Ex-Con Shoplifts to Get Free Health Care in Prison - Legally Weird
Legally Weird - The FindLaw Legal Curiosities Blog

Ex-Con Shoplifts to Get Free Health Care in Prison

Frank J. Morrocco made a show of shoplifting at a Wegmans store in Amherst, New York, but not because he couldn't pay. He told police he wanted to get arrested so he could get treatment for his leukemia.

This plan isn't as crazy as it seems, since Morrocco is a recently released ex-convict. He was convicted in 1990 of felony drug conspiracy and his 20-year sentence ended last December. Morrocco has a rare form of leukemia and couldn't afford health care.

He shoplifted in order to get back into prison so he could access prison health care. But now he's having second thoughts.

When Morrocco went into the store, he immediately starting putting things like shoelaces, sandals, and stuffed animals into his basket. Then he conspicuously walked out without paying, according to The Buffalo News.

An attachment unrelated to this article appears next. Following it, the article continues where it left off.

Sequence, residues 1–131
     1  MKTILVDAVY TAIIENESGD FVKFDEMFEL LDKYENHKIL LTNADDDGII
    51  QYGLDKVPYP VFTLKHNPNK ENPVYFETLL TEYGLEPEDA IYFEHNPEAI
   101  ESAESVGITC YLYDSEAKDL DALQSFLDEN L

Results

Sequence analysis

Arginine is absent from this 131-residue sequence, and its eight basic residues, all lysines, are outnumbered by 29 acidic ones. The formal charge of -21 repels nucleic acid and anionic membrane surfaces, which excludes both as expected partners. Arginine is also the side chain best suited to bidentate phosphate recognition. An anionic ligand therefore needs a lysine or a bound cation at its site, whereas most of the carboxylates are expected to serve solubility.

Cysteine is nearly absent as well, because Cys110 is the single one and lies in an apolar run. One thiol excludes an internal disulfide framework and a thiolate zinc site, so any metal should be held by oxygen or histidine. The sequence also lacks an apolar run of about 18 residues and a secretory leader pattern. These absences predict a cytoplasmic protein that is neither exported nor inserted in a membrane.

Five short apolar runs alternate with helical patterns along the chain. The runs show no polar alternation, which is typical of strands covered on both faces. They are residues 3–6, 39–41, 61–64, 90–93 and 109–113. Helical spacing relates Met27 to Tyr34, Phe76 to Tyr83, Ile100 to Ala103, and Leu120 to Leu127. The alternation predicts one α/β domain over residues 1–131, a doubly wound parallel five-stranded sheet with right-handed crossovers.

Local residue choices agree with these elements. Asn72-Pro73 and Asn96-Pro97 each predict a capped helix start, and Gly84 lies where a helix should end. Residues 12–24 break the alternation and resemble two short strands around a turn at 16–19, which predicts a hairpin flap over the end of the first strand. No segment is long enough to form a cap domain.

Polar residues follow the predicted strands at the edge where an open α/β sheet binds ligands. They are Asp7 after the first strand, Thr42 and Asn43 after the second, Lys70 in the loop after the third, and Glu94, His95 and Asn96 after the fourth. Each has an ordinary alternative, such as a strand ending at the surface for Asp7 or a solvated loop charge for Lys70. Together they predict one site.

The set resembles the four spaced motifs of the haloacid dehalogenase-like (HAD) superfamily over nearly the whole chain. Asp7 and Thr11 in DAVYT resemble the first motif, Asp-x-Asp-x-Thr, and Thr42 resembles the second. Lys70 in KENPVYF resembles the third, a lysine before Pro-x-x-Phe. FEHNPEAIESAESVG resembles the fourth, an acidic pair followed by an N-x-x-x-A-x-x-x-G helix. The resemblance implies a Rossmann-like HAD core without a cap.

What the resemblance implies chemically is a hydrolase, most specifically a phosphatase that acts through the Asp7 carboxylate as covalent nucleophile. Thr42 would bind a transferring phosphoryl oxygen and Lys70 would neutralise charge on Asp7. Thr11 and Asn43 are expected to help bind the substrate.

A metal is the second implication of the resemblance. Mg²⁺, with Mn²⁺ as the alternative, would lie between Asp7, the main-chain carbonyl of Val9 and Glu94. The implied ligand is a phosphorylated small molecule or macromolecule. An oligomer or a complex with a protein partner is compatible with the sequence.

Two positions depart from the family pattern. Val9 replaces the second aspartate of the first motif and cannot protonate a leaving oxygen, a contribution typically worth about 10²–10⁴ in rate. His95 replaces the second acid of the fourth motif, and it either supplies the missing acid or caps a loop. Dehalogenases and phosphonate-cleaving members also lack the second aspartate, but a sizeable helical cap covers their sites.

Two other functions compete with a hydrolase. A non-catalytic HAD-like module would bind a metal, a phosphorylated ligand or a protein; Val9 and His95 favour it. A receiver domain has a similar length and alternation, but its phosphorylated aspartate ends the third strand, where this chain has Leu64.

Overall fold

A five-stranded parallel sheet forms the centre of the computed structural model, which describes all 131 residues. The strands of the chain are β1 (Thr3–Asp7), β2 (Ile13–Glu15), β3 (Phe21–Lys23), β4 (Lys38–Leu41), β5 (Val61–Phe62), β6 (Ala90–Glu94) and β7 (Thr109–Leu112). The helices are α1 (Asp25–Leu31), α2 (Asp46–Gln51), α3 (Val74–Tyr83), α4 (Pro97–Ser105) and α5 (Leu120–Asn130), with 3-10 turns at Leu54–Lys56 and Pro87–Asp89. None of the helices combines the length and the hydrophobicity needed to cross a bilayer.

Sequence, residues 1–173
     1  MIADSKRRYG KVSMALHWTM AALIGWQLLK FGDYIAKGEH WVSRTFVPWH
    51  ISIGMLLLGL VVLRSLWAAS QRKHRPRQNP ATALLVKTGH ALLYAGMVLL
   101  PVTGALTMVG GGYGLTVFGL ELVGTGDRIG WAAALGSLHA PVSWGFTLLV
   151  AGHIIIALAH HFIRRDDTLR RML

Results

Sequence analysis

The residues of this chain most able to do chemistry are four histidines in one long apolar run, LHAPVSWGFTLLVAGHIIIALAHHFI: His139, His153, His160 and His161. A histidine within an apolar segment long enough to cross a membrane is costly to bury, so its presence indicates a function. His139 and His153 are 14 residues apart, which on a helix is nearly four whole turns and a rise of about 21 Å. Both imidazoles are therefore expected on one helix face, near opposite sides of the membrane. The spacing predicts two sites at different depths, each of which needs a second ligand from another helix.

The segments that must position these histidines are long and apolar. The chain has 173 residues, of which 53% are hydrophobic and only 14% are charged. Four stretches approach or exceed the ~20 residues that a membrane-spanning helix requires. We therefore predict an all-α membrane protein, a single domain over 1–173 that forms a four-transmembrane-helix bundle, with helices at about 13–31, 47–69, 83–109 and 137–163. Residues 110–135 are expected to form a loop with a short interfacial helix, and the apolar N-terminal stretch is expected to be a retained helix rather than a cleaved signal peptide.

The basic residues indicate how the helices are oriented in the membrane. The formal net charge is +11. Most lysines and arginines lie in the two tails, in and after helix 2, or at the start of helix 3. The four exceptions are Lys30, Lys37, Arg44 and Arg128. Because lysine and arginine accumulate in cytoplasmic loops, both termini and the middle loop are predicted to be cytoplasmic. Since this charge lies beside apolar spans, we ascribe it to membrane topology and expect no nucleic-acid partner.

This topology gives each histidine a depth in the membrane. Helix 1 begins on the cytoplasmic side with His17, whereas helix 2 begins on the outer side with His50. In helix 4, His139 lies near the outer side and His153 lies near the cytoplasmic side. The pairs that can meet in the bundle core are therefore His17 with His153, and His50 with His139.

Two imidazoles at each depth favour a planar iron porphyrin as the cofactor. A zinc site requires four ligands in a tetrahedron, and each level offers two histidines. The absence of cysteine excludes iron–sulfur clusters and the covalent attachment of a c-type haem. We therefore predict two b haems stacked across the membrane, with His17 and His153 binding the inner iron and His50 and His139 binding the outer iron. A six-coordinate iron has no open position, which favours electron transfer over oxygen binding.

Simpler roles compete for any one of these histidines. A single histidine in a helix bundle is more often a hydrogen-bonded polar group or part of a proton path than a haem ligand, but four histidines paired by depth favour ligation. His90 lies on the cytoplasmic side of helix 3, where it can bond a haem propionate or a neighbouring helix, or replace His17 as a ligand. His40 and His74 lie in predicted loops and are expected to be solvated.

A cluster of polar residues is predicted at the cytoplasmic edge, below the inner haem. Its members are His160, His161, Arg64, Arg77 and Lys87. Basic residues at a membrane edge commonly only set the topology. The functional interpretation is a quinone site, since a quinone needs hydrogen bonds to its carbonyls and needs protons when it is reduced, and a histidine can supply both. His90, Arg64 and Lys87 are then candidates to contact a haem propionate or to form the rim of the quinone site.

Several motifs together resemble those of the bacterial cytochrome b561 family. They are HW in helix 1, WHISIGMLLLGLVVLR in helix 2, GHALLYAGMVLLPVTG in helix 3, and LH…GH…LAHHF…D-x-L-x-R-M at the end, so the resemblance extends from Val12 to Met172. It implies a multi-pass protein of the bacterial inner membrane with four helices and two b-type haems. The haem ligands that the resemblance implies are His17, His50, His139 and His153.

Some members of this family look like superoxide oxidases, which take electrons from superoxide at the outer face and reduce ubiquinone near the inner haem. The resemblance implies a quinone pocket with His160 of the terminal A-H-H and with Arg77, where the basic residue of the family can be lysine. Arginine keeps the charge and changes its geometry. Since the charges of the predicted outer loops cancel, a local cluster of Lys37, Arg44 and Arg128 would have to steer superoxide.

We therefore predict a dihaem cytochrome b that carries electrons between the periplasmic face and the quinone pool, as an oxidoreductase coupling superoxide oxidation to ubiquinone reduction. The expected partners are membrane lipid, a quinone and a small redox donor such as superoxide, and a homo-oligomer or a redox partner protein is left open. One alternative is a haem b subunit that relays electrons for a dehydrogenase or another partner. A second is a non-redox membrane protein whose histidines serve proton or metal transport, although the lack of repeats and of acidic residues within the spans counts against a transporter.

Shoplifting is a violation of Morrocco's supervised release deal, and federal marshals soon had a warrant for his arrest.

It's not that Morrocco wanted to shoplift. The self-employed man told reporters that he makes too much to qualify for government programs, but not enough to afford his own health insurance or out-of-pocket care.

The health care Morrocco got in prison was free and would treat his cancer.

It's a sad statement that prisoners are entitled to health care, which means free or low-cost services for many, while most law-abiding citizens can't get similar health care for the same price.

Things may change once more provisions of the Affordable Care Act (aka Obamacare) take effect. For now, however, Morrocco believed that prison was his best bet for adequate health care.

But in a sad twist of fate, Morrocco is now hoping a federal judge won't send him back to prison for his actions.

Shortly after his arrest, a relative and two friends offered to pay his health care costs, reports the San Francisco Chronicle. Now it looks like Morrocco will be able to afford the treatment he needs, if he can stay out of prison.

Related Resources: